January 10, 2006 | By Bob Butchart
Every press brake is subject to normal deflection under load. This deflection is corrected by shimming. If you deflect behond design limits, you will put a permanent bend in the ram and this is known as ram upset. You cannot adjust to compensate for ram upset. Remachining of the ram is the only solution. To avoid causing ram upset be careful about bending loads above your tons per inch limit and only air bend if possible.
August 29, 2002 | By Bob Butchart
Think about it: If your setup is off, the rest of your press brake operation will soon follow. Take the time to do your setup right, and you won't be doing it a second time.
August 8, 2002 | By Bob Butchart
Giving operators the know-how they need to produce parts efficiently and cost-effectively can be as easy as 1-2-3-4.
February 14, 2002 | By Bob Butchart
For several years my work as a press brake consultant has taken me into many different fabricating shops. My job is to seek out problems and try to find solutions that make press brakes more productive. I have encountered many different situations, and I thought perhaps sharing some of the problems...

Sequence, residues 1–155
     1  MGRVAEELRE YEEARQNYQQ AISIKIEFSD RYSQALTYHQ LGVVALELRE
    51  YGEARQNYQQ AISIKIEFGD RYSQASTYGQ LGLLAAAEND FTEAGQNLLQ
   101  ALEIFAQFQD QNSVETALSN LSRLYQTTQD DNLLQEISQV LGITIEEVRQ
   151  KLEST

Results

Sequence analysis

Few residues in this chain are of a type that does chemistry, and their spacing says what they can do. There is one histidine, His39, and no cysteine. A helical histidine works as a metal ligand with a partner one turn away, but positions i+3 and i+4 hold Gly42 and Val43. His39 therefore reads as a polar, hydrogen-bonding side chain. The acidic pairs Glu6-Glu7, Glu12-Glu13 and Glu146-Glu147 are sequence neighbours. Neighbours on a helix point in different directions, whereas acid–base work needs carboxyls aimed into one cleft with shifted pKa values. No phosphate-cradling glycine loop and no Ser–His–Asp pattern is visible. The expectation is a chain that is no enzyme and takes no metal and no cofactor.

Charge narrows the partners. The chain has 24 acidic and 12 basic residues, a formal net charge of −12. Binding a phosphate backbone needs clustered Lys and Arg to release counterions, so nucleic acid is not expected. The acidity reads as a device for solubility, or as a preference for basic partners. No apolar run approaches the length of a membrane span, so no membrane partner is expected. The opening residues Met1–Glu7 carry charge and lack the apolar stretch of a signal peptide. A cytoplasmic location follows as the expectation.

October 11, 2001 | By Bob Butchart
What sort of safety measures needed in your shop depends somewhat on your equipment, but making your press brake a safe piece of equipment is largely a matter of old-fashioned common sense.
August 16, 2001 | By Bob Butchart
Most common mistakes made while operating press brakes can be avoided with a little diligence and awareness of where others have gone astray.
June 18, 2001 | By Bob Butchart
Problems with your press brake imperil what could be the most valuable machine you have. Take pains to ensure the health of this valuable piece of equipment.
March 23, 2001 | By Bob Butchart
Prospective buyers of press brakes are advised to consider their purchase in terms of its end use, the amount of deflection likely to occur in a give machine, the inside radius of their parts, and several other factors before speding their money.